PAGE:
Home > History of Wine > The vineyard at the Northern Michigan Asylum

The vineyard at the Northern Michigan Asylum


South Entrance, Northern Michigan Asylum, c. 1906. Image from upnorthmemories (flickr).

South Entrance, Northern Michigan Asylum, c. 1906. Image from upnorthmemories (flickr).

When I write of vineyards and grapes I typically focus on those farmed with the intention of producing wine.  I sometimes blur the lines to include references to vineyards and vines that produce table or dessert grapes.  I accept this broadening when it comes to such subjects as 17th century British winemaking where the documentary references may so weak that we do not yet know if wine was made or not.  I cannot help but wonder if some people dabbled at making wine.  Parallel to my interest in the employment of prison labor in vineyards is that of asylum vineyards.  Whether actual patients participated in the various vineyards is yet to be seen but it is possible because not all attendees were acutely sick in-patients, there were out-patients as well.  Also to be determined is the extent that a vineyard represented the physical manifestation of laboring in the Lord’s vineyard.  In following yesterday’s picture from Michigan, this post focuses in on the Northern Michigan Asylum.

Willow Lake Asylum Grounds, Northern Michigan Asylum. c. 1906. Image from upnorthmemories (flickr).

Willow Lake Asylum Grounds, Northern Michigan Asylum. c. 1906. Image from upnorthmemories (flickr).

The Northern Michigan Asylum was organized in 1881 and located in Traverse City, Michigan.  By 1908 it had grown to encompass treating almost 1,400 patients across 42 buildings located on over 700 acres of land.  The asylum itself developed from simply housing the “insane” to include a hospital and research laboratories.  While the asylum received money from the state it also worked towards self-sufficiency.  The land was cleared to provide a lake, forests, gardens, orchards, and general farm land.  The farm and gardens were first established.  The orchards and vineyard were planted in 1890s then expanded  between 1894 and 1896.  By 1896 there were 100 vines bearing fruit.  That same year a grasshopper plague did “irreparable damage to the vineyard”.  Exactly how many vines were destroyed is unknown.  Prospects must have improved for in 1898 it was anticipated that in a few years, the fruit needs of the asylum would be fully met.  By 1908 there were 1352 grapevines in the vineyard.  It seems clear, in this case, that the vineyard was for the production of table grapes.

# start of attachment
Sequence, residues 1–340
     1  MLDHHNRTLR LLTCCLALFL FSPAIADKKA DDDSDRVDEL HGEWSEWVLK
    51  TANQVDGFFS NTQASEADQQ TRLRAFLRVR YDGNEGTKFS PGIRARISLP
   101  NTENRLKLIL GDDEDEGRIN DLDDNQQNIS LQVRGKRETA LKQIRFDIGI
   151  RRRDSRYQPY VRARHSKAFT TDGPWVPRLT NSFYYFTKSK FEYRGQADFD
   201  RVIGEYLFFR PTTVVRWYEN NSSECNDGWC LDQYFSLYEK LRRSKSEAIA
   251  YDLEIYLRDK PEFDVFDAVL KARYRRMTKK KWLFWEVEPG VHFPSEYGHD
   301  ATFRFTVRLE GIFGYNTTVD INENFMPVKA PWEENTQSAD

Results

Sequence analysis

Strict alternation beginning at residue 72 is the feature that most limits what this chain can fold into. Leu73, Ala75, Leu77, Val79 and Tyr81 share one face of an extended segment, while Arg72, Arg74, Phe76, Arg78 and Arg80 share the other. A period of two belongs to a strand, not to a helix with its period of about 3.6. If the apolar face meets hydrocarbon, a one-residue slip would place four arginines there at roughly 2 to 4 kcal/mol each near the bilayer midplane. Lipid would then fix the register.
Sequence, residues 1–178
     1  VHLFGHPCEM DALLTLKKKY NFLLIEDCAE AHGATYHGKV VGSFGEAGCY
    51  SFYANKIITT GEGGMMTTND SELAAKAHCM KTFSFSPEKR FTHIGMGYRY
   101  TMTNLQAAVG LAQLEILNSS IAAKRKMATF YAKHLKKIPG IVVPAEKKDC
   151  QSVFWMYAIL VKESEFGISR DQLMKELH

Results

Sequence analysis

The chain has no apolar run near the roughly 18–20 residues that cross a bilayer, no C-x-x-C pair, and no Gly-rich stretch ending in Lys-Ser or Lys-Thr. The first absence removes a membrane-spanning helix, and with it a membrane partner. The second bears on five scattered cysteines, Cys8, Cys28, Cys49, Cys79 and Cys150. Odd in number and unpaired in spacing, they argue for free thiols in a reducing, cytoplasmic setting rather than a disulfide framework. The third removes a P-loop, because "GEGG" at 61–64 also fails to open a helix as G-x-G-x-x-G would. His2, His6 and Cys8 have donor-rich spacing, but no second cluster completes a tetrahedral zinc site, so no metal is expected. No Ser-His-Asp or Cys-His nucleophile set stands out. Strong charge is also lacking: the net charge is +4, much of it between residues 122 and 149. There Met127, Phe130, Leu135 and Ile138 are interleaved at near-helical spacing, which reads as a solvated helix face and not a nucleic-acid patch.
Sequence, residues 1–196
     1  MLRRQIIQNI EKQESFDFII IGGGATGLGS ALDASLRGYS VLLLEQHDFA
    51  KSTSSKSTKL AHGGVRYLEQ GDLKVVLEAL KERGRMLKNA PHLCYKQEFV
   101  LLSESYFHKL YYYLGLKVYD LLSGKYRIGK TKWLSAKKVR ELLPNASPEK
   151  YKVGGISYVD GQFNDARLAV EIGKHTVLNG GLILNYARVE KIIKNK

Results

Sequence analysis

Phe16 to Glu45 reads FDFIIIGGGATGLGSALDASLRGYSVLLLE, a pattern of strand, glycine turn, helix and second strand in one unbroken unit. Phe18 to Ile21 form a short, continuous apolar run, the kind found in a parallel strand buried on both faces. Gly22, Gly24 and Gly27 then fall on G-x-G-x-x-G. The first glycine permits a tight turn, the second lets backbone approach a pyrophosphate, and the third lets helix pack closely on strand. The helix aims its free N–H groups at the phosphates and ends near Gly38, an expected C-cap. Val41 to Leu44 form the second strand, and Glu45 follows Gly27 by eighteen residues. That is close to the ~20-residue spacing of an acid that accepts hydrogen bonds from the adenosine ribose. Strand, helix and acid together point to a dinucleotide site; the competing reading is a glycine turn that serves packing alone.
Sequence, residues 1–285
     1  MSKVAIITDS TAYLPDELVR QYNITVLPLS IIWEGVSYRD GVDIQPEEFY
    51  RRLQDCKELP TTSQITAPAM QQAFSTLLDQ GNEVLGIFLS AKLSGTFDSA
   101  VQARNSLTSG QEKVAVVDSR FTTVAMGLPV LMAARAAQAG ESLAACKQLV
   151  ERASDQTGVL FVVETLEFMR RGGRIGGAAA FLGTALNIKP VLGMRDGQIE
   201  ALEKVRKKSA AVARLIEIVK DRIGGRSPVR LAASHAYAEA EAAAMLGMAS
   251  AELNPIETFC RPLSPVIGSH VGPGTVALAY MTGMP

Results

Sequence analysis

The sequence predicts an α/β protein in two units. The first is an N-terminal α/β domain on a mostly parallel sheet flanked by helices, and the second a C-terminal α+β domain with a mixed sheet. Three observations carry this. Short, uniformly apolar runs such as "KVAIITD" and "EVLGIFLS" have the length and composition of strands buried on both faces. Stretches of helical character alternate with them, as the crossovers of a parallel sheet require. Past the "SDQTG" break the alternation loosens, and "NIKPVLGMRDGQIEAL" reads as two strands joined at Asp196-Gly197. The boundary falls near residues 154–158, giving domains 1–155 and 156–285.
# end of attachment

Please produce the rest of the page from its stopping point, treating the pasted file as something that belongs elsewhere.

Potential vineyard in the middle farm scene. c. 1910. [3]

Potential vineyard in the middle farm scene. c. 1910. [3]

This of course leaves the question, did the patients work in the vineyard?  That is not yet known but it is documented that more land was needed “upon which patients may be employed, preparing and cultivating”.  Perhaps patients did work amongst the vines to promote “activity and interest” in an effort to improve and cure.


[1] Joint Documents of the State of Michigan, Volume 4. 1896. URL: http://books.google.com/books?id=LfRBAQAAMAAJ&pg=PP1#v=onepage&q&f=false
[2] Biennial Report of the Michigan State Board of Corrections and Charities, Volume 14. Michigan State Board of Corrections and Charities. 1899. URL: http://books.google.com/books?id=3SwMAQAAMAAJ&pg=PP1#v=onepage&q&f=false
[3] Report of the Board of Trustees, Michigan State Hospital, Traverse City. 1908. URL: http://books.google.com/books?id=VtMYAQAAIAAJ&pg=PP1#v=onepage&q&f=false

Categories: History of Wine
  1. May 4, 2016 at 10:56 am

    This is extremely interesting. I’ve been researching the asylum, having just found out that a relative died there in 1913. If you look at the wikipedia entry it indicates that Dr. Munson had the patients work the farms, make furniture, can fruits and vegetables, so I think it is highly likely that they indeed process the grapes (although with the number of inmates being treated for alcohol-related insanity, they probably weren’t making wine!)

    I’m glad I found this — on my blog (The Marmelade Gypsy) I have a tab at the top on Cork Poppers, our wine tasting group. Some of the articles in your side bar look really interesting and I’ll be back to read on in more detail!

  1. November 3, 2014 at 9:03 am

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